Eye For Film >> Movies >> Zulu (1964) Film Review
Reviewed by: Jennie Kermode
One of the most important war movies of all time, attracting rave reviews on its release, Zulu has now been relegated to the Sunday afternoon television slot; most people are familiar with its story, but younger people are unlikely to have given it a proper viewing. This is particularly unfortunate as its splendid cinematography deserves to be seen on the big screen. It's a film whose impact depends on its sense of scale, inspiring a sense of wonder at the scale of the forces involved. Because in the end this isn't just a film about one group of men fighting another. It's about a clash of civilisations.
Based on a true story (though its depiction of some real life characters is hotly contested), Zulu follows events at a small missionary station and supply depot called Rorke's Drift in Natal, just across the border from Zululand. As a despairing pastor struggles to establish peace, a battle breaks out at Isandlwana in which the British are roundly defeated. Rushing to the depot, the pastor and his daughter warn the troops who have a field hospital there and are working on building a bridge. From the outset, their situation is heavily symbolic. Doubtless they see themselves as an island of civilisation, developing facilities that will one day be of use to everyone in Africa - but in the process, of course, they are engineering a civil and cultural conquest which the Zulus know fine well may destroy their whole way of life and the independence of their people.
Focusing as it does on an engineering regiment rather than an army of conquest, the film is able to get away with a lot of direct exposition to fill in viewers about each side's resources and abilities, though it also provides an opportunity to leave certain things unexplained, such as the reason for the Zulu impis' superior physical abilities (their use of performance enhancing drugs would have been a controversial subject for a film at the time of release). This delivery is well handled and film sensibly takes its time to let us get to know the men and their relationships before plunging into the action. Knowing that there is no way they can outrun their enemy, the soldiers choose to stay and try to defend their tiny outpost. This would go on to become one of the most celebrated actions in British military history, with numerous awards made for bravery, but, stirring music aside, there is little focus on that here - rather than simple glorification we get a complex portrait of the embattled men's psychology. It's an approach that simultaneously acknowledges their courage and challenges its necessity, undermining familiar beliefs about war.
Parts of this film are so well handled that it's difficult to find any flaw in them at all. The performances are beautifully judged - including that of Michael Caine in his breakthrough role - and they succeed in engaging viewers despite the gulf in attitudes and expectations between 1879 and today. It's unfortunate that we don't get to see more of what's happening on the Zulu side, beyond a bit of commentary on their tactics, but this is perhaps necessary in order to maintain the sense of claustrophobia within the outpost - this is an ensemble film but we are expected to identify strongly with a particular group. The early battlefield tactics of the British are, quite frankly, an object lesson in what not to do in that situation, but there is plenty to admire in their resolve if not in their actions.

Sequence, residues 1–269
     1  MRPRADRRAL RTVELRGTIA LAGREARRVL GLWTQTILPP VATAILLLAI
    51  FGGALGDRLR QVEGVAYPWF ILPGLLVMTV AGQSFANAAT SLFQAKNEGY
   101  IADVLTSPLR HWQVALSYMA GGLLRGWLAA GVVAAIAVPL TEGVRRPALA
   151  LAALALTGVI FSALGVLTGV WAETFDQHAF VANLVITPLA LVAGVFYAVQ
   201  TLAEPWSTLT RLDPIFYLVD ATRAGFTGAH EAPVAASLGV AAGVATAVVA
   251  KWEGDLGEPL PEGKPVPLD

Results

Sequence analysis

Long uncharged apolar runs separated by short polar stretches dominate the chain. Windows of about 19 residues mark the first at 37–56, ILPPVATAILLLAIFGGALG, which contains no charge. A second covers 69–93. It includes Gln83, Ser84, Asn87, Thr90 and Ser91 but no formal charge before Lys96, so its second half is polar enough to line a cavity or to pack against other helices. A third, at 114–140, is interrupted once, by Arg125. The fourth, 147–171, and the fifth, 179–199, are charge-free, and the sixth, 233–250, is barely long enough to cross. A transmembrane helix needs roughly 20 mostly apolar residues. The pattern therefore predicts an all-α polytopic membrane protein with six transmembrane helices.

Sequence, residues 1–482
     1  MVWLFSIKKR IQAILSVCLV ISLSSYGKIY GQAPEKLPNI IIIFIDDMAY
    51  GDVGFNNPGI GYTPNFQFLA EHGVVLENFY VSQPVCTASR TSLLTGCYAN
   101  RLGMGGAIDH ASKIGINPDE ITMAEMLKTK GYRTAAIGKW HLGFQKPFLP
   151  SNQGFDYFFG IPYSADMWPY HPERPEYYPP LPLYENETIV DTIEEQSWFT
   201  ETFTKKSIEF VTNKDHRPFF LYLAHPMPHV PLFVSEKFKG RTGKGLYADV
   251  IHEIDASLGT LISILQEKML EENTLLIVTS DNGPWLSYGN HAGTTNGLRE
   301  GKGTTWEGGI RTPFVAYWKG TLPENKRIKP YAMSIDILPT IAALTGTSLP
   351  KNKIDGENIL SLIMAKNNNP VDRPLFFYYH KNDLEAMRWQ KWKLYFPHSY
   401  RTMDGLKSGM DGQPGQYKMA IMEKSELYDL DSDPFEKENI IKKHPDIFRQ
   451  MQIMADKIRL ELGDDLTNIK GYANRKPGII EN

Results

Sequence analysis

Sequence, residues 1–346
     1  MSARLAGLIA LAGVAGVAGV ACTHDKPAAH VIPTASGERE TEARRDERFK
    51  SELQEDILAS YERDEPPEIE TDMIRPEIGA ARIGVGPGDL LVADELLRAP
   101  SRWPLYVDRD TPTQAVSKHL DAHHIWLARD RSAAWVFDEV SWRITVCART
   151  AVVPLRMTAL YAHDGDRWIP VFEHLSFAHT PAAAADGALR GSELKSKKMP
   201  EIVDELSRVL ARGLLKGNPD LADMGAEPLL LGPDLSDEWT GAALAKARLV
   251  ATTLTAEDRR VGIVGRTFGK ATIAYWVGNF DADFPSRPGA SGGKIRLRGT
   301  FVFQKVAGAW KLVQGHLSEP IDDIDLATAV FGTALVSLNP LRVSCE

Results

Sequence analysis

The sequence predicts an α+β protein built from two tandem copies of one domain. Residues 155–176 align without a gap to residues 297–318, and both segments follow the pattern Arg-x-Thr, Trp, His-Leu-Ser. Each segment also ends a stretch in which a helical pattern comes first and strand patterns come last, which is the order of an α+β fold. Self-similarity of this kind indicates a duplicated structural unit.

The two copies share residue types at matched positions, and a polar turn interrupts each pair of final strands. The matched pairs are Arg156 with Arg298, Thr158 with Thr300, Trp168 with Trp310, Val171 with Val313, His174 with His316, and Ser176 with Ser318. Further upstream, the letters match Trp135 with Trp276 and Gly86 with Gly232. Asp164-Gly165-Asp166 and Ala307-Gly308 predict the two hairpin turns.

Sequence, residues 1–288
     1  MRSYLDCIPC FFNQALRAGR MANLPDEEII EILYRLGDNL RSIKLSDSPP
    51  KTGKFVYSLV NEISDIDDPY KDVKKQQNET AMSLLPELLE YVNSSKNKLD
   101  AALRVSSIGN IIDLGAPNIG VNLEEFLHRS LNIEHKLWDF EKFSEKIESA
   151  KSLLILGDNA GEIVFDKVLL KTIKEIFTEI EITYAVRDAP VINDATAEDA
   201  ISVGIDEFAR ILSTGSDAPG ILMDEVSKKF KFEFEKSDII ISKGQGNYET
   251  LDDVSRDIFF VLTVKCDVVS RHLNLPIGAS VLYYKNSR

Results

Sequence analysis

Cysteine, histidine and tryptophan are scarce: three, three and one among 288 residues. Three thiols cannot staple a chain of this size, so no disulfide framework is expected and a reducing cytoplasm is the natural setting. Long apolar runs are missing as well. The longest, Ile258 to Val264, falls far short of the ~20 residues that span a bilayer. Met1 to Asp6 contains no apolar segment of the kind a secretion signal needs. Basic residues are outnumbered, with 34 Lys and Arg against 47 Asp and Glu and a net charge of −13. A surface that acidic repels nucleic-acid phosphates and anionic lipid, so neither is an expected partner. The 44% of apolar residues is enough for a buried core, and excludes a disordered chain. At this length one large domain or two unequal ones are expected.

Where the film is weakest is in its depiction of the battle scenes themselves. Cy Endfield's skill is notable when it comes to landscape and interpersonal drama, but here he is out of his depth, and no amount of inventive camerawork can take away the sense that we are watching a game of tig where simply being touched by a spear or bayonet makes one fall over and die. Aiming to tell a story like this without gore is commendable, but the complete absence of blood in some scenes makes it hard to suspend disbelief. It's out of keeping with the studious realism of other aspects of the production.
On the cusp between two traditions in the making of the war movie, Zulu is interesting in that it develops a critical perspective that still leaves room for admiration of the soldiers involved - on both sides of the conflict. Whilst keeping its storyline simple, it effectively demonstrates how each side learns to respect the other, inviting viewers to do the same - and in the process proving far more challenging to the colonialist narrative than the more outwardly anti-Empire films that came later. Even as it presents us with a stage along the way to the further development of that Empire, it presages its downfall - the downfall of an idea that could no longer be sustained in the face of the human understanding made stark and inescapable on the battlefield.Reviewed on: 13 Jun 2010